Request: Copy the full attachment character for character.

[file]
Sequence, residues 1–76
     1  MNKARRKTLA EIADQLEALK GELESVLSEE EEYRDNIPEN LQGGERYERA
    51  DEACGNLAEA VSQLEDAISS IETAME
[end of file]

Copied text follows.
Sequence, residues 1–76
     1  MNKARRKTLA EIADQLEALK GELESVLSEE EEYRDNIPEN LQGGERYERA
    51  DEACGNLAEA VSQLEDAISS IETAME